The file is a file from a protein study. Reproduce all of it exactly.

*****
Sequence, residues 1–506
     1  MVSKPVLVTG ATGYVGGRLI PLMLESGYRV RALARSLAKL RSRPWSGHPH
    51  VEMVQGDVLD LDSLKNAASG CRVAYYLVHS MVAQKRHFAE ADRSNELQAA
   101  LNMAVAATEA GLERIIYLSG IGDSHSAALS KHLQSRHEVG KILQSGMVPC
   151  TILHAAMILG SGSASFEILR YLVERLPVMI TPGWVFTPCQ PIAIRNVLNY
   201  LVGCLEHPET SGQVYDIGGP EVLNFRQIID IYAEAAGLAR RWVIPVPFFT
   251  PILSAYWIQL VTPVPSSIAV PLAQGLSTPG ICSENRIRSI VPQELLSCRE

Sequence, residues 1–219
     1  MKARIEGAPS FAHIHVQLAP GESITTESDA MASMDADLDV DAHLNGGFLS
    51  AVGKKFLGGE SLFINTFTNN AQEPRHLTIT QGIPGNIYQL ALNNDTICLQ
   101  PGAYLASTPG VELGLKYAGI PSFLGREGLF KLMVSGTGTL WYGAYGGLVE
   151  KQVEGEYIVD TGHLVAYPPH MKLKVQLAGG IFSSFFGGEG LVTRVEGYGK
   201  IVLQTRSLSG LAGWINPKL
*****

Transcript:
Sequence, residues 1–506
     1  MVSKPVLVTG ATGYVGGRLI PLMLESGYRV RALARSLAKL RSRPWSGHPH
    51  VEMVQGDVLD LDSLKNAASG CRVAYYLVHS MVAQKRHFAE ADRSNELQAA
   101  LNMAVAATEA GLERIIYLSG IGDSHSAALS KHLQSRHEVG KILQSGMVPC
   151  TILHAAMILG SGSASFEILR YLVERLPVMI TPGWVFTPCQ PIAIRNVLNY
   201  LVGCLEHPET SGQVYDIGGP EVLNFRQIID IYAEAAGLAR RWVIPVPFFT
   251  PILSAYWIQL VTPVPSSIAV PLAQGLSTPG ICSENRIRSI VPQELLSCRE

Sequence, residues 1–219
     1  MKARIEGAPS FAHIHVQLAP GESITTESDA MASMDADLDV DAHLNGGFLS
    51  AVGKKFLGGE SLFINTFTNN AQEPRHLTIT QGIPGNIYQL ALNNDTICLQ
   101  PGAYLASTPG VELGLKYAGI PSFLGREGLF KLMVSGTGTL WYGAYGGLVE
   151  KQVEGEYIVD TGHLVAYPPH MKLKVQLAGG IFSSFFGGEG LVTRVEGYGK
   201  IVLQTRSLSG LAGWINPKL